great crowds surge through its en-
trance they will eb passing through
a large gateway which has' as an arch-
itectural background, designs similar
to those used in the famous Roman
baths.

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.as announced that for
istant football coaches
urzegger, Elton "Tad"
Mather, Ray Fisher,
n. Invitations for ear-
e will be sent out to
e 'men some time in

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gust.
Davis Cup Matches Soon
lngland's tennis team, challengers
the Davis cup, has arrived in New
rk and will practice for the inter-I
:ional matches on the turf courts at
darhurst, Long Island. The British
irtet, composed of Woosnam, cap-
n; Turnbul,, Lowe and, Gilbert,
.1 meet the winners of the Aus-
ilian-Canadian matches on the turf
the Allegheny Country club, at
tsburgh Aug. 4, 5, and 6.
American tennis followers were giv-
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The great half dome which will
stand out noticeably to all of the
spectators has its origin in what were
known as' "exedra." The exedra
were much smaller, rising in regular
intervals from the walls that surround
the palatial baths of the Roman days,
serving to break up the monotony.
The only outstanding use of the half
dome in modern architecture has been
at the San Francisco expedition. In
the 0. S. U. stadium it will be given
unusual prominence, and when com-
pleted will be notably the largest ex-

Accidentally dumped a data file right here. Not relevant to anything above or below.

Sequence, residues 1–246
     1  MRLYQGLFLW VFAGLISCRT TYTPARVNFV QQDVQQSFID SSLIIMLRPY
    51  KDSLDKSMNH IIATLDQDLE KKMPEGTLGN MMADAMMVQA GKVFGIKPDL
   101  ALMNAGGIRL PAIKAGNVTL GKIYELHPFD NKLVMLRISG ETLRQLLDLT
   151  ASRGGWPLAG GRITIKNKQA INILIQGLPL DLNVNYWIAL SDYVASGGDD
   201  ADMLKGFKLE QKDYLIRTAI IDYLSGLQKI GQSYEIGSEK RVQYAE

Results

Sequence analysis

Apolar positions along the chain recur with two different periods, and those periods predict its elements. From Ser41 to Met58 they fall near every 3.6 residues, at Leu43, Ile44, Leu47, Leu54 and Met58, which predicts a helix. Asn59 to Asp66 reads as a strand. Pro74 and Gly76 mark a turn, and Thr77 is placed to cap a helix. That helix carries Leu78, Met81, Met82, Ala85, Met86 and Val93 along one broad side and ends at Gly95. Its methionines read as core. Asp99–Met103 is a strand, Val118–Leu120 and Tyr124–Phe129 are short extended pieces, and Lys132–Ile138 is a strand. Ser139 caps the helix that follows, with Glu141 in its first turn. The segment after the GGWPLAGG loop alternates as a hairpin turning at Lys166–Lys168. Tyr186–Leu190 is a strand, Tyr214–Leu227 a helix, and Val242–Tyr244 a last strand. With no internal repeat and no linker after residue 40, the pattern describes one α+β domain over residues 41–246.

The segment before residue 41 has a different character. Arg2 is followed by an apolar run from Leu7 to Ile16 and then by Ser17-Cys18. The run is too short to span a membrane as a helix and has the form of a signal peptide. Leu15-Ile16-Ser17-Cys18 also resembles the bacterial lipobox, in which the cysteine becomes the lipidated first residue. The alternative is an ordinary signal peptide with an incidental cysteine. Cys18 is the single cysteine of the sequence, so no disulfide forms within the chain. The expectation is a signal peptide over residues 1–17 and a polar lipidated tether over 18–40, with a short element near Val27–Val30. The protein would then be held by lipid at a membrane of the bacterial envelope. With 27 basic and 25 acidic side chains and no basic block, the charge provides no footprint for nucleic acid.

ample of this type of architecture.

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Illinois May Lose Carney
It is the opinion of the physicians
who have been attending Charles
4(Chuck) Carney, selected as end on
Walter Camp's mythical All-American
team last year, that the big fellow
will be unable to participate in the
Illinois gridiron battles next fall be-
cause of the condition of his knee
which, was wrenched in Ohio State
game. last Fall. Carney has been hand-
icapped ever since, and although
braces have apparently corrected the
injured member it is still weak and
the injuries which he might sustain in
football would be likely to keep Carney
from playing with the Indian basket-
ball squad of which he is captain elect.
It is still possible that an operation
will mend the knee in time to allow
him to hold. down his .old position at
end, or at least have him in condition
for the court game.,
Carney's absence from the lineup
will be a blow to Zupke, for the Indian
end was one of the best in the coun-
try and his loss will cause the Illin-
ois mentor no small amount of worry.
Hellstrom, end on last year's varsity,
and Dick Reichie, center on the bask-
etball five last season are the veterans
who will get first call to fill Carney's
place if he is unable to stand the
strain.

The Best Part of Summer School"
Published Every Tuesday, Thursday
and Saturday during Summer School

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L A ST T I M E T O D AY
D. W. GRIFFITH S
"THE LOVE FLOWER"

BY CARRIER TO YOUR DOOR
THE REST OF THESUMMER

W E D I